Weizen/Weissbier With Thick Floating Krausen
I poured a sample into a small glass for tasting and the beer came out free of trub or krausen with a light amber color that was cloudy, as expected for a German wheat beer. There was already a very slight hint of what I could best describe as lemon present in the samples I tasted. I imagined myself pouring this beer into a tall glass and adding a slice of lemon before drinking it.
Weizen/Weissbier Sample With Residual Co2
I used my Bottle Priming Calculator to help figure out how much priming sugar would be needed to hit the correct Co2 volumes for an Weizen/Weissbier beer style. The bottle priming calculator takes into account the temperature of the beer at bottling, the type of priming sugar used and the small amount of Co2 that is already in your fermented beer. You look up the level of carbonation for your style of beer according to BJCP Style Guidelines.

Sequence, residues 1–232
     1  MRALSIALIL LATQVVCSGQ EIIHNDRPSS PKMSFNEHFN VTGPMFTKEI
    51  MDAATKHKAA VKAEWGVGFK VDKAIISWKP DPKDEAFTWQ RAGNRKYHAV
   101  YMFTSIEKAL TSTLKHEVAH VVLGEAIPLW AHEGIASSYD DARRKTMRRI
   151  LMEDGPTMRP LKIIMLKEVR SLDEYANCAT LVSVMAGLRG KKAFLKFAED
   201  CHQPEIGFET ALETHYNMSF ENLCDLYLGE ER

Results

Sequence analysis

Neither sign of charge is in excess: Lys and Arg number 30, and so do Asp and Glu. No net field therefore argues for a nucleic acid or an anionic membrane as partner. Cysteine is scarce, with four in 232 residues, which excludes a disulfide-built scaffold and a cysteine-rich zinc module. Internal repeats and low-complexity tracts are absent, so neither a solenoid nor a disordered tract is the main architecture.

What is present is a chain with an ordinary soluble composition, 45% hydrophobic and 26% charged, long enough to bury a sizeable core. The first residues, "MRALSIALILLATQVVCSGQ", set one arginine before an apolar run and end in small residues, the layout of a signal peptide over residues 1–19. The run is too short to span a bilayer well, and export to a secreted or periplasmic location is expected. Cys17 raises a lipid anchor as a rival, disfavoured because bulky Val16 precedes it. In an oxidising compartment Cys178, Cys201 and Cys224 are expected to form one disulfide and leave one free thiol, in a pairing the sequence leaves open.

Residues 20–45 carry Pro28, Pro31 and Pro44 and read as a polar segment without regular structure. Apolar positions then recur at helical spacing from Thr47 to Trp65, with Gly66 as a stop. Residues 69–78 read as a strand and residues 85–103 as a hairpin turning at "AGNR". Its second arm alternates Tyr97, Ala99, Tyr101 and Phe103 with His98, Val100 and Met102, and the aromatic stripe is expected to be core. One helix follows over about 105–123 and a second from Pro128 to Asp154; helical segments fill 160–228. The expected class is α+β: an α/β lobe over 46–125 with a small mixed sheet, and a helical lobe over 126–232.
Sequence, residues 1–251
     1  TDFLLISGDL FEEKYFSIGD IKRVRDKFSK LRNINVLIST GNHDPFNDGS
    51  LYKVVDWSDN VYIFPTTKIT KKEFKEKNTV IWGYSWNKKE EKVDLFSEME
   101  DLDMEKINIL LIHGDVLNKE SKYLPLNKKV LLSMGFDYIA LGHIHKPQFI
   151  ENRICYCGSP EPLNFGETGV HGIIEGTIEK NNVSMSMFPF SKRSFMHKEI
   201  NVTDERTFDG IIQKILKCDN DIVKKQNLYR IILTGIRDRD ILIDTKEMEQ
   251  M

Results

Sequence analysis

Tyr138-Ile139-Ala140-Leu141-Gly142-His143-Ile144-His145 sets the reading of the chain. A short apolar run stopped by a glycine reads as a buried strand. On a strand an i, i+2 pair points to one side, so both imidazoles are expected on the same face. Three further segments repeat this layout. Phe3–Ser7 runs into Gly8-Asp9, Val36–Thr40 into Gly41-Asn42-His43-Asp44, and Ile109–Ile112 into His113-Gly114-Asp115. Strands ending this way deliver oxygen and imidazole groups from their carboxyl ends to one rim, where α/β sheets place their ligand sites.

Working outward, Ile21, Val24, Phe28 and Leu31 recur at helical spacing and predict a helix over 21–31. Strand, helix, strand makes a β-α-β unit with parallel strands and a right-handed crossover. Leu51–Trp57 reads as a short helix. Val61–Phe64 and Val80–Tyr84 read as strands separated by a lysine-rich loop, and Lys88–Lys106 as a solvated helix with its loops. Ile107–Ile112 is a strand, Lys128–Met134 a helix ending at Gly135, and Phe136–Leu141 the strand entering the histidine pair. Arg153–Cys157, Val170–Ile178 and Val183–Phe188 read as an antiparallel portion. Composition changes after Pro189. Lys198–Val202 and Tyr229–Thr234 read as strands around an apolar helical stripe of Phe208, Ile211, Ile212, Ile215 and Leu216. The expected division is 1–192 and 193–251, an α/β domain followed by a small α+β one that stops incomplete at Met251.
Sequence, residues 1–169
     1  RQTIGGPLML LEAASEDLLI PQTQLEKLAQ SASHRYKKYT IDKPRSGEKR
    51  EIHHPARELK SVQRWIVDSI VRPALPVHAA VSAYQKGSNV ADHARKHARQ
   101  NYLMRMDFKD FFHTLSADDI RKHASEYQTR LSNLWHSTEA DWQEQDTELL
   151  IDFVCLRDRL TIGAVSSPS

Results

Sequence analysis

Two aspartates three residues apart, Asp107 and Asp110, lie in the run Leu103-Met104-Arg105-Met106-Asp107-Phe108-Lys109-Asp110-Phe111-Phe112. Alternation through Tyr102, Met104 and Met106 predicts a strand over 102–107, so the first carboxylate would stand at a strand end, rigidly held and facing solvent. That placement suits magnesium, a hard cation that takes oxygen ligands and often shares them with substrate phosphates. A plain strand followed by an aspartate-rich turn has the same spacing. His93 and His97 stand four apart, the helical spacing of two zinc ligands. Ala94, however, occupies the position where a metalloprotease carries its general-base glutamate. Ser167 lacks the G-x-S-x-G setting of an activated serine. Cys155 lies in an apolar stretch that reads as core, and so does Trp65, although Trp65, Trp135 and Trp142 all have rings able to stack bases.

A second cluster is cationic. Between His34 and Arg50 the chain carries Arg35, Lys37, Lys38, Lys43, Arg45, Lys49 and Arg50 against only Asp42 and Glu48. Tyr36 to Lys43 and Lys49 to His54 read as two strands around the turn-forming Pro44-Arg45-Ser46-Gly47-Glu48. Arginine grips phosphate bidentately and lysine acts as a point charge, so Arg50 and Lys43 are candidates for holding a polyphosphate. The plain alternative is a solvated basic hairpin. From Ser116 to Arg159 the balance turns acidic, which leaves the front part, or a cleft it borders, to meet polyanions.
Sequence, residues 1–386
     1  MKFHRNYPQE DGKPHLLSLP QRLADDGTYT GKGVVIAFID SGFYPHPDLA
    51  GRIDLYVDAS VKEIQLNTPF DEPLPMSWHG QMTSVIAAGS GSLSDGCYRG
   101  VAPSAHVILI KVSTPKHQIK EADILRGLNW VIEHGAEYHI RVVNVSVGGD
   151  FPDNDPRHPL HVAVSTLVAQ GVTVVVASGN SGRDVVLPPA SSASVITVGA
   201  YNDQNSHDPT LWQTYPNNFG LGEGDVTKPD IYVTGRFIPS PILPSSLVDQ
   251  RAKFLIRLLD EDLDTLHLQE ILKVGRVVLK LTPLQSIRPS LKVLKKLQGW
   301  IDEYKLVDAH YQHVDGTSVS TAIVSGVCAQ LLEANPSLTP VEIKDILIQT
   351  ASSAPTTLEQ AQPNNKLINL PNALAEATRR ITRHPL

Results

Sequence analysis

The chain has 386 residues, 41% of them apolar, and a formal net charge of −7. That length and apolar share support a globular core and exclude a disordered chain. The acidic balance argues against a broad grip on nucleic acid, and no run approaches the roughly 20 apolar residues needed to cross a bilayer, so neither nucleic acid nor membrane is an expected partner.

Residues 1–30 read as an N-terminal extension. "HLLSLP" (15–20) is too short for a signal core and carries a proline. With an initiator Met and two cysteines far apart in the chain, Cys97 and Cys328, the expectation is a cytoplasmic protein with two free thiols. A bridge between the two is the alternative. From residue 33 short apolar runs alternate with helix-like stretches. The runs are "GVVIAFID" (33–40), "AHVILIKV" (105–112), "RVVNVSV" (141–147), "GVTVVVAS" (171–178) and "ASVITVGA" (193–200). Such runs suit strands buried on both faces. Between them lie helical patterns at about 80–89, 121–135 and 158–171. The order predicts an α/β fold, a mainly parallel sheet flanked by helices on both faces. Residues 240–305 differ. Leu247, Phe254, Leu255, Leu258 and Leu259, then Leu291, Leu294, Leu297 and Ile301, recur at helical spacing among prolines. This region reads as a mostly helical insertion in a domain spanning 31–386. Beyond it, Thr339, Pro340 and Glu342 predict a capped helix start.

Weizen/Weissbier Calls For 3.6 to 4.48 Co2 Volumes Of Carbonation
This bottling day turned out to be a good day, I bottled up my wheat beer without incident and I now have eight more 1 litre bottles carbonating down in the basement where its nice and cool. Right out of the fermenter the beer went into the bottles with no need to rack to a secondary, cold crash or mix any gelatin or use any other methods to clarify my beer, so again I'm really happy about that.
Weizen/Weissbier Ready For Carbonation